Google “How to Report Medicare Fraud” and at the top of the listings will be Medicare.gov’s website. According to the government, the best ways to report Medicare fraud are:
- Call us at 1-800-MEDICARE (1-800-633-4227)
- Report it online to the Office of the Inspector General.
- Call the Office of the Inspector General at 1‑800‑HHS‑TIPS (1‑800‑447‑8477).
Not only aren’t those methods particularly effective, NONE of them will pay you a whistleblower reward.
The two primary motivations for whistleblowers are 1) a genuine desire to stop greed and fraud and 2) claiming a cash reward. Calling the Medicare fraud hotline (or using their online form) doesn’t do either.
Why Call the Medicare Fraud Hotline if Not Effective?
We love the auditors and special agents at the U.S. Department of Health and Human Services. The problem is that there aren’t enough of them. The hotline gets tens of thousands of calls. And most of them aren’t thoroughly investigated.
Compare the Medicare Fraud Hotline to the federal False Claims Act, the law that pays whistleblower rewards. In 2017, just 704 complaints were filed under the Act. All prepared by lawyers.
Because they are prepared by lawyers and filed in federal court, these cases generally contain the “who, what, when, where and how” needed to properly investigate a case. They also go to the top of the list for auditors and investigators. By law, these claims have to be investigated.
If you really want to stop fraud, consider reporting Medicare the right way – by filing a False Claims Act complaint. (Don’t worry about costs and legal fees, most whistleblower lawyers advance all costs and only collect a fee if they are successful in collecting you a reward.)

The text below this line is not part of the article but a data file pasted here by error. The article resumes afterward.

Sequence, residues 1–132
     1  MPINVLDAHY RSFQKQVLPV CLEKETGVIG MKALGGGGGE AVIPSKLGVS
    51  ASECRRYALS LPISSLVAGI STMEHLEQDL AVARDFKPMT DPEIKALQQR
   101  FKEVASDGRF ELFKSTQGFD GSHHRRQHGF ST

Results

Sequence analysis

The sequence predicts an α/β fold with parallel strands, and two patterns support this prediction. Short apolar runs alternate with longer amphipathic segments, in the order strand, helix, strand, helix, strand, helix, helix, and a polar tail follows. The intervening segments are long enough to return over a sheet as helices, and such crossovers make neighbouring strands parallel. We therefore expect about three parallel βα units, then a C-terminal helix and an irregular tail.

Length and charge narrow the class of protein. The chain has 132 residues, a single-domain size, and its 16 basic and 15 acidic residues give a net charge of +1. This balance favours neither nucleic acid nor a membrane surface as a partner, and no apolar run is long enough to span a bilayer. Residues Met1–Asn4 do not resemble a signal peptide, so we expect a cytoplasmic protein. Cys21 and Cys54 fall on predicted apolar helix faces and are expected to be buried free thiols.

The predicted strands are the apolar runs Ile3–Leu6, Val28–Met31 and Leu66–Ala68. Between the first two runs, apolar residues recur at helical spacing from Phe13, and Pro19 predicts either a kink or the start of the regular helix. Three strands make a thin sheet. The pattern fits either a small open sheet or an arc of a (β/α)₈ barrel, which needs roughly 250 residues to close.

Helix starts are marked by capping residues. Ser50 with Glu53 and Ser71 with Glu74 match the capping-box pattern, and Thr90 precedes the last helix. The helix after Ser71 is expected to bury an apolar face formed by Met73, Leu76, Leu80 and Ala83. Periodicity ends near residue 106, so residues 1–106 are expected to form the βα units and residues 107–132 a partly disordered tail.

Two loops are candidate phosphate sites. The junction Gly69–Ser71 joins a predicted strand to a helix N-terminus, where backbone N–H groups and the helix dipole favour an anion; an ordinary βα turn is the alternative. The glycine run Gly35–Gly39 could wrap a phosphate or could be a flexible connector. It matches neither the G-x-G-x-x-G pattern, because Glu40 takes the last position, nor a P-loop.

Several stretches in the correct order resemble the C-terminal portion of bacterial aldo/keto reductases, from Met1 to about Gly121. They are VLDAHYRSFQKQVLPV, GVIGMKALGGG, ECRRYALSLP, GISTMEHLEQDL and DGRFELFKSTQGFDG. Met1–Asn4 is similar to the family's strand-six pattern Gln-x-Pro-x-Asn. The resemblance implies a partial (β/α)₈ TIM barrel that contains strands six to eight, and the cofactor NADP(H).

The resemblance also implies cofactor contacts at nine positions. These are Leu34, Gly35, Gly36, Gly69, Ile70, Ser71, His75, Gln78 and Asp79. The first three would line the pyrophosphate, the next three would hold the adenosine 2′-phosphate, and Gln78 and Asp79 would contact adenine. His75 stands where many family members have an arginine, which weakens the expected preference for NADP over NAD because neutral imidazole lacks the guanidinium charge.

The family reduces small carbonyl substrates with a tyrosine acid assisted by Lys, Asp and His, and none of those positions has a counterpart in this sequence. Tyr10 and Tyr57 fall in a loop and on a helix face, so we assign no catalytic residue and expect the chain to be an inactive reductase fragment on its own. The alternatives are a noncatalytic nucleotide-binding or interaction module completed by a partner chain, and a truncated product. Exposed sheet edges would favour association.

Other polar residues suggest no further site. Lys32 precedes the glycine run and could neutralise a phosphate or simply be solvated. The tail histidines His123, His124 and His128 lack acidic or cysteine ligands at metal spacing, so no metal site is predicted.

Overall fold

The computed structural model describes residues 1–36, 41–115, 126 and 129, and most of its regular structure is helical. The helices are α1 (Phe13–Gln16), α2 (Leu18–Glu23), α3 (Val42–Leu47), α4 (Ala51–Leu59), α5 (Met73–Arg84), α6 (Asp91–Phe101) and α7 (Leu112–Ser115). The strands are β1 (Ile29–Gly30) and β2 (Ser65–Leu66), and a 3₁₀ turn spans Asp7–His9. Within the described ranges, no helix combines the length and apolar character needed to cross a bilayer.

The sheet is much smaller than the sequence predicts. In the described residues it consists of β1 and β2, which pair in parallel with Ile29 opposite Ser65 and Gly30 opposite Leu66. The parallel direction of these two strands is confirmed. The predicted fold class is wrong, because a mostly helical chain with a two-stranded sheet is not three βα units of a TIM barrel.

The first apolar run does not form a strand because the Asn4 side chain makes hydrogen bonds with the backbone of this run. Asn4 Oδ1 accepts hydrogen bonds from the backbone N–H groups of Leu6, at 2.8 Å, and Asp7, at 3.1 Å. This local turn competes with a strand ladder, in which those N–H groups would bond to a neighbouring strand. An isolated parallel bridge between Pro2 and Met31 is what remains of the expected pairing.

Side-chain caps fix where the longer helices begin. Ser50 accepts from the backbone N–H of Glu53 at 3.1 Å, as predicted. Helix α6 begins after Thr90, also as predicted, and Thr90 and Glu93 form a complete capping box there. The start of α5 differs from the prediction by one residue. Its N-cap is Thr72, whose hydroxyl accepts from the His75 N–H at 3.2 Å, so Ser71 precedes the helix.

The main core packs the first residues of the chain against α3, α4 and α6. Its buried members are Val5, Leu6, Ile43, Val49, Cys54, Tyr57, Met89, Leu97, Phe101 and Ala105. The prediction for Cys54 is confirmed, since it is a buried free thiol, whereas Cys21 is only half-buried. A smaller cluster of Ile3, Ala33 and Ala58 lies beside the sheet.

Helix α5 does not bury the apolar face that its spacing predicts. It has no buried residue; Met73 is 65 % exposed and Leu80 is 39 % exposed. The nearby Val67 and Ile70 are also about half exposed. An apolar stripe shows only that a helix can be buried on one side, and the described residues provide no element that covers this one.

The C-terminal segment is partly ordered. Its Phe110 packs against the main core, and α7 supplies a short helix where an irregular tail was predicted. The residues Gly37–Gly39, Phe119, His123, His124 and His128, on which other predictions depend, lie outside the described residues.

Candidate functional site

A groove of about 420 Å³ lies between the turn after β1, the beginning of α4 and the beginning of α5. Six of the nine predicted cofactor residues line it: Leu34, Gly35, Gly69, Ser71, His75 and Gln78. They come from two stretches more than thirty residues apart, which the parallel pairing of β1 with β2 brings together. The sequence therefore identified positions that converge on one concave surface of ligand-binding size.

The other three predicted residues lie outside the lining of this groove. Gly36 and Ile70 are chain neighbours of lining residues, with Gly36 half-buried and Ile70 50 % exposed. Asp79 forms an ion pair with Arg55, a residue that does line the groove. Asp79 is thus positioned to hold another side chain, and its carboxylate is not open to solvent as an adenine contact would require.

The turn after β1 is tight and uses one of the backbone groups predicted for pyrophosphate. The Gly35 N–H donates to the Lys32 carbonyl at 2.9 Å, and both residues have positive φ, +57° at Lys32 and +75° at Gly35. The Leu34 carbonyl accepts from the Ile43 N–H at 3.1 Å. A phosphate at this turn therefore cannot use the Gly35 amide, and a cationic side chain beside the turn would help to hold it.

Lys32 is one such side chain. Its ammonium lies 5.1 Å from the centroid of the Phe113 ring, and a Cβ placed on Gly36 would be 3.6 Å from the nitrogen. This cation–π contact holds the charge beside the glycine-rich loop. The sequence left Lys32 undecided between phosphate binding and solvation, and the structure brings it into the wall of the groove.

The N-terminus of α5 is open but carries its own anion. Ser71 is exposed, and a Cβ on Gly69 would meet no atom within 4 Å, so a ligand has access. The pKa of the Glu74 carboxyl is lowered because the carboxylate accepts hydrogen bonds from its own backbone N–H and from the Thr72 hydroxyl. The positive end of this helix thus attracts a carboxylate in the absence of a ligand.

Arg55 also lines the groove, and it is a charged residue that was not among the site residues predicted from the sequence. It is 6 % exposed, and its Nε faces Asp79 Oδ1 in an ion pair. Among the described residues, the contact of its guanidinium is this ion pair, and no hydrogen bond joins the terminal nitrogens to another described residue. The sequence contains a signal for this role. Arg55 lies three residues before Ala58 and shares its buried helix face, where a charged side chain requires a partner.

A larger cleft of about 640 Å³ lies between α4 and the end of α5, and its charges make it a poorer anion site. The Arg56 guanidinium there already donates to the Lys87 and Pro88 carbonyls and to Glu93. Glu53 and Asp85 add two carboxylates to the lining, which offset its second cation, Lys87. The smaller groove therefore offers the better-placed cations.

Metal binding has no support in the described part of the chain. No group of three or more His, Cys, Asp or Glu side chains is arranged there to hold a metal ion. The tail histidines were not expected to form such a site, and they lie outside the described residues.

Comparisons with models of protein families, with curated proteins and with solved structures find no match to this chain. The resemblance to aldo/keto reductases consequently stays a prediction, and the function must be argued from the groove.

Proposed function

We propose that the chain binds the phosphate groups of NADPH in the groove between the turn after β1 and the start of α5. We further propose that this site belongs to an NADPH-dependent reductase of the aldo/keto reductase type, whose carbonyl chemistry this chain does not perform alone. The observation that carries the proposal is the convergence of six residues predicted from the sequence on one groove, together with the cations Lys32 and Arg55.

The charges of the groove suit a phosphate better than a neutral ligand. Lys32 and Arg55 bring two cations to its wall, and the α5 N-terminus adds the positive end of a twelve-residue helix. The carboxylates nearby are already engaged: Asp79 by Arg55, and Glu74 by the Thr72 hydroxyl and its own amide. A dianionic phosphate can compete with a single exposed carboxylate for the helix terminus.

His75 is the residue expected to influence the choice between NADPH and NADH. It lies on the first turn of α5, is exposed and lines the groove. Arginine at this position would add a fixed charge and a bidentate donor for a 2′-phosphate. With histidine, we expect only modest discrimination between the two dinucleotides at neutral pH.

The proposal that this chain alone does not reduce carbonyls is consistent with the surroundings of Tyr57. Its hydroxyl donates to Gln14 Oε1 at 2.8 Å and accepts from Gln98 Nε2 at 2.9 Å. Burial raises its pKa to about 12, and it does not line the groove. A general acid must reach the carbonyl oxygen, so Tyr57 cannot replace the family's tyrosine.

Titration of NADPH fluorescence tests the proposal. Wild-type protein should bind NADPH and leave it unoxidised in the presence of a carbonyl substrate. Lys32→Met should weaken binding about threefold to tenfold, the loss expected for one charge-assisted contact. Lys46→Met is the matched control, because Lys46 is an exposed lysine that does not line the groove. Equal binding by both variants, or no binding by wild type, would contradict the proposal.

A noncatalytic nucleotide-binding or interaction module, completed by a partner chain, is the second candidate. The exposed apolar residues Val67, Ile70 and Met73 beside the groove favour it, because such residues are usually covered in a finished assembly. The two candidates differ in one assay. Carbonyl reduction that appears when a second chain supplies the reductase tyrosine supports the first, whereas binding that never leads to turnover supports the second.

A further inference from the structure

In fact, the only reasons to use the hotline are if you don’t have much information or want to be totally anonymous. Unfortunately, anonymously filed cases go to the bottom of an otherwise huge pile.
False Claims Act Medicare Fraud Claims Pay Cash Rewards
The primary reason people report Medicare fraud isn’t the reward. Most whistleblowers try to fix problems internally. Only when they are ignored or suffer retaliation do most seek out a whistleblower lawyer.
Even though the primary motivation of most whistleblowers isn’t the money, cash rewards are still necessary. When whistleblowers come to us, they frequently do so because they were fired, demoted or ostracized for trying to get their company to follow the law. Congress understood that strong anti-retaliation provisions and cash rewards were necessary to get many people to report the fraud to authorities.
Under the False Claims Act, whistleblowers can receive between 15% and 30% of whatever the wrongdoers pay the government. And the money comes from the wrongdoers, not taxpayers.
Some of the largest Medicare fraud recoveries to date were begun by whistleblowers. For example, in 2012 GlaxoSmithKline paid a total of $3 billion to settle charges that the company engaged in illegal marketing practices over several of their drugs. Off label marketing is treated as Medicare fraud if the federal government reimburses patients for those drugs. (Almost all prescription drugs are covered by Medicare.)